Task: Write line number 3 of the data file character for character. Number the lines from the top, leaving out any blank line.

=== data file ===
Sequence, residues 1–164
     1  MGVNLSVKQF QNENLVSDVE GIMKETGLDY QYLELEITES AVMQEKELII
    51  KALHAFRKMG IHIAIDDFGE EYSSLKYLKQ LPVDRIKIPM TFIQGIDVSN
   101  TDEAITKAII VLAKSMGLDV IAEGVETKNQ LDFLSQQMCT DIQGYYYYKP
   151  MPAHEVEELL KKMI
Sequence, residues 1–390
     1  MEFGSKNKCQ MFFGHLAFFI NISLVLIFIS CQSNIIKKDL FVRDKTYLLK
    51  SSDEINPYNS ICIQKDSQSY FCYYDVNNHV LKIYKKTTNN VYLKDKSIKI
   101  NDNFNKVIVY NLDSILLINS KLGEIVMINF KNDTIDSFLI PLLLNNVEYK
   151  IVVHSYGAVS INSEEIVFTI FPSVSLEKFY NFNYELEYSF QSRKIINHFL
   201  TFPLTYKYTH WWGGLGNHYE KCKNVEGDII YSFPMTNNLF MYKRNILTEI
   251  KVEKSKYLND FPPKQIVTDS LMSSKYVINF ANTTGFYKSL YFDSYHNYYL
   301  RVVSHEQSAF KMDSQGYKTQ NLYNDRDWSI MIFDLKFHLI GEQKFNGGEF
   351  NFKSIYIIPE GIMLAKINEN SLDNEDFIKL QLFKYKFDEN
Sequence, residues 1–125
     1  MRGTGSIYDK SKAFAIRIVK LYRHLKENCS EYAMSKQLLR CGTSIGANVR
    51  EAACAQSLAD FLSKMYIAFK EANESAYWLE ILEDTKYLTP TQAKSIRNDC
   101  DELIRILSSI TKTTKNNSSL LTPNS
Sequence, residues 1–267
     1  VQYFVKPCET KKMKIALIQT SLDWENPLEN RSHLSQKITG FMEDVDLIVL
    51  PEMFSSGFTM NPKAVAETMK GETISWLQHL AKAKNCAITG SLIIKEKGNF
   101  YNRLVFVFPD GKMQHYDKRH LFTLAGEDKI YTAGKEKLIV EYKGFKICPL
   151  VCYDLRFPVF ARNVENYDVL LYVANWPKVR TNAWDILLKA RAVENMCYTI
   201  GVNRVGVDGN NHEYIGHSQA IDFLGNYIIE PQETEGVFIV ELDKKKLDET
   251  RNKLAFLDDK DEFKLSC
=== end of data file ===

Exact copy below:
    51  KALHAFRKMG IHIAIDDFGE EYSSLKYLKQ LPVDRIKIPM TFIQGIDVSN